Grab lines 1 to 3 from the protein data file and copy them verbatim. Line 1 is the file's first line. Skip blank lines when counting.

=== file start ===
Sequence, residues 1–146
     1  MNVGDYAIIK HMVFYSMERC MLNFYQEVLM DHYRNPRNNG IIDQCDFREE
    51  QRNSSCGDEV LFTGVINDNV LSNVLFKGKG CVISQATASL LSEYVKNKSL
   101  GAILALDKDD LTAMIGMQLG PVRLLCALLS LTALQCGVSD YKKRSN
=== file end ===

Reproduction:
Sequence, residues 1–146
     1  MNVGDYAIIK HMVFYSMERC MLNFYQEVLM DHYRNPRNNG IIDQCDFREE
    51  QRNSSCGDEV LFTGVINDNV LSNVLFKGKG CVISQATASL LSEYVKNKSL